These sparkling Champagne Jell-O shots are exactly what you need for NYE

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After a year like 2021, we all need to toast to a healthy, happy 2022. And what better way than with these Champagne Jell-O shots?

Topped with a shimmering sprinkle of sanding sugar, these are so elegant and sophisticated that you won’t look at Jell-O shots the same way again. Made with sparkling cider, sparkling wine (or Champagne) and vodka, these delicious shots from blogger Susannah at Feast + West are as potent as they are pretty.


You can get creative with your ingredients to customize the flavor profile to suit your personal tastes. For example, you can use vanilla-infused vodka instead of plain vodka, or you can use sparkling lemonade instead of sparkling cider. And by using plain gelatin instead of traditional red or green hues, you can ensure that your Jell-O shots look clear, sophisticated and sparkly.


Sanding sugars that are gold and silver (like these shimmering crystals on Amazon) are the perfect complement for New Year’s Eve decor. But, if you’re making them for a holiday party, you could also top them with red and green. To get a bubbly effect in your Jell-O shots, you put the sanding sugars at the bottom of the shot glass before you pour the liquid in, so it swirls around evenly as it sets. Then, right before the Jell-O shots are fully gelled, you can also dust a light sprinkling on top for extra glam.
If you don’t have enough shot glasses to make enough servings for everyone at your party, don’t worry: You can also use mini muffin tins or even candy molds. Just make sure your mold is deep enough. Dome-shaped molds you would use for truffles would work well here.


Find the full recipe on Feast + West.


If you want to make these Jell-O shots non-alcoholic, you can easily do so. But beware that you will still need to substitute for the missing liquid added by the vodka and sparkling wine. You can use plain apple juice, white grape juice (sparkling or flat) or whatever juice you prefer.




This article originally appeared on Simplemost and was syndicated by

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25 once-popular Christmas songs you’ve probably never heard of


Every year it seems, someone comes out with a list of the best Christmas songs of all time. But what about the songs that don’t make that list — the songs that have been forgotten over the years, and some for no good reason at all?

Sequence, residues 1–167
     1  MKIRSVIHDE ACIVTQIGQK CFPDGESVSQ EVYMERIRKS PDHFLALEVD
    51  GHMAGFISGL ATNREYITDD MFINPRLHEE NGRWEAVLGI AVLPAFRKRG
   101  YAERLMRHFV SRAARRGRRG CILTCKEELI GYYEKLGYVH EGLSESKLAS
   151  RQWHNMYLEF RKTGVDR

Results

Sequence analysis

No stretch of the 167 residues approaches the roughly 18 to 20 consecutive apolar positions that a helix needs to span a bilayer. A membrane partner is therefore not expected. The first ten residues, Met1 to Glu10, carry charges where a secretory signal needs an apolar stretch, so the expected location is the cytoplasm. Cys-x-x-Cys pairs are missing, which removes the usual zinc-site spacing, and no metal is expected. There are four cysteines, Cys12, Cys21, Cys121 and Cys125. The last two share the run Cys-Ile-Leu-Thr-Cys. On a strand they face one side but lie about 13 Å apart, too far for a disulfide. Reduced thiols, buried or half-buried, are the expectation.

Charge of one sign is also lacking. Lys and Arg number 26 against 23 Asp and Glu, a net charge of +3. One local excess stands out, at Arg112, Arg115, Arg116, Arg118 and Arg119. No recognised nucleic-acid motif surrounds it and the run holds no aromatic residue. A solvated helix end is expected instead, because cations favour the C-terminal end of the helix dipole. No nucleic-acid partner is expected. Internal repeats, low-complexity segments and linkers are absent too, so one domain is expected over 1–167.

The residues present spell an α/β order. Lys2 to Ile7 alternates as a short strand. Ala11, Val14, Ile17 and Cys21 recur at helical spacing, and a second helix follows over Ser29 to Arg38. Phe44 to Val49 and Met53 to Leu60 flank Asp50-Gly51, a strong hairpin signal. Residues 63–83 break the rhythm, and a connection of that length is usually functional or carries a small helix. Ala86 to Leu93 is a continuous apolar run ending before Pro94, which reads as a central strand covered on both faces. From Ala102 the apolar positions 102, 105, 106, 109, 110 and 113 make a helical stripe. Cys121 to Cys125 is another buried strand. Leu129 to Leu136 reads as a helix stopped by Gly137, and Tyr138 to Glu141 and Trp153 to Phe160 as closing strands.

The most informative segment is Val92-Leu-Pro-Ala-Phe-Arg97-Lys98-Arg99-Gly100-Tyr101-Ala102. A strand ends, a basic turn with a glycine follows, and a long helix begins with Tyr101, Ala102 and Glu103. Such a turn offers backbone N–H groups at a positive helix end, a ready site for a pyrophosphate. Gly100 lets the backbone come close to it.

We’ve put together a list of 25 Christmas songs you may have never heard, and if you have, you’ve probably forgotten all about them. So, if you’re sick of the same old songs every holiday, these tunes may be worth adding to your playlist.



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This classic blues tune was really popular when it was released back in 1968, peaking at No. 18 on the Billboard Christmas Singles chart. We’re not sure why it fell out of favor over the years, but suspect it may have something to do with the band’s later collaboration with The Chipmunks.

You can listen to “Christmas Blues” here.


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The classic big-band sounds and Armstrong’s signature vocals and trumpeting are just as fresh today as when he recorded it back in 1955.

Listen to “Christmas Night in Harlem.”


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Fans of the novelty pop song “Monster Mash” may recall that Bobby Pickett also wrote this holiday song with a similar vibe. It charted in 1962 but never became a holiday classic.

Listen to “Monster’s Holiday” here.


Leslie Gottlieb from Little Ferry, NJ


Chances are if you don’t listen to Christian radio you’ve probably never heard Chapman’s song about an orphan’s plaintive plea for a family at Christmas. The song hit No. 2 on Billboard’s Christian songs chart back in 2006.

Watch Steven Curtis Chapman perform “All I Really Want for Christmas“.


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Santa had to give away his boots in this 1968 novelty Christmas song featuring a chorus of sing-shouting children. James, a member of The Southern Gentlemen, had a hit with the song, which peaked at No. 9 on Billboard’s Christmas Singles chart.

You can listen to “Barefoot Santa Claus” here.


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This country and Southern rock band’s song wasn’t officially released as a single but it still managed to reach No. 51 on Billboard‘s Hot Country Singles & Tracks back in 1993 through lots of unsolicited holiday play.

Here’s Alabama’s official video for “Angels Among Us“.


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Prince and the Revolution released this song as the B-side of their 1984 single “I Would Die 4 U.” It peaked at No. 5 on Billboard’s Christmas Singles chart but never really made it into the canon of holiday music played in heavy rotation on radio stations.

Here’s a live recording from 1984 in which Prince says the band has never played the song before.


Fans of Run-D.M.C. may recognize some of the horn lines from this 1968 tune. They were sampled for the band’s mid-’80s holiday hit “Christmas in Hollis.” But if you need a little funk infusion for your holidays, you can’t miss when you spin Carter’s ditty about keeping the ladies happy.

Listen to “Back Door Santa” here.


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Country music fans will surely have heard crooner Kenny Chesney’s ode to tropical holidays. The 2003 song peaked at No. 30 on Billboard’s Hot Country Singles & Tracks chart.

If you’ve never heard it, you can check it out here.


Bobby Vinton wasn’t the only person to record this song written by Burt Bacharach and Larry Kusik, but he was the only person to chart with it, reaching No. 23 on the Billboard Christmas Singles chart back in 1964.

Listen to the song here.